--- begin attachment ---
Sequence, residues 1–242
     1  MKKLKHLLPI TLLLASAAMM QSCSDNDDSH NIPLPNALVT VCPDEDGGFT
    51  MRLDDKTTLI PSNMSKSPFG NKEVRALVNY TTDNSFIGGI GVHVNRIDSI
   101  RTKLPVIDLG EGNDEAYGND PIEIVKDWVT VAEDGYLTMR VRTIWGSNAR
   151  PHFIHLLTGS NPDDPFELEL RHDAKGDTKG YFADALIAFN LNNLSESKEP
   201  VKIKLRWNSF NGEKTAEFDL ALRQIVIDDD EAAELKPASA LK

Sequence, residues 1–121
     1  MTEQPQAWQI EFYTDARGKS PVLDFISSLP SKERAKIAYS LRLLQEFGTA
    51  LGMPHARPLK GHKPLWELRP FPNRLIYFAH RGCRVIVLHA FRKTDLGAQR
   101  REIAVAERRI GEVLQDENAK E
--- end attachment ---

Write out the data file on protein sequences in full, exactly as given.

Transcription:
Sequence, residues 1–242
     1  MKKLKHLLPI TLLLASAAMM QSCSDNDDSH NIPLPNALVT VCPDEDGGFT
    51  MRLDDKTTLI PSNMSKSPFG NKEVRALVNY TTDNSFIGGI GVHVNRIDSI
   101  RTKLPVIDLG EGNDEAYGND PIEIVKDWVT VAEDGYLTMR VRTIWGSNAR
   151  PHFIHLLTGS NPDDPFELEL RHDAKGDTKG YFADALIAFN LNNLSESKEP
   201  VKIKLRWNSF NGEKTAEFDL ALRQIVIDDD EAAELKPASA LK

Sequence, residues 1–121
     1  MTEQPQAWQI EFYTDARGKS PVLDFISSLP SKERAKIAYS LRLLQEFGTA
    51  LGMPHARPLK GHKPLWELRP FPNRLIYFAH RGCRVIVLHA FRKTDLGAQR
   101  REIAVAERRI GEVLQDENAK E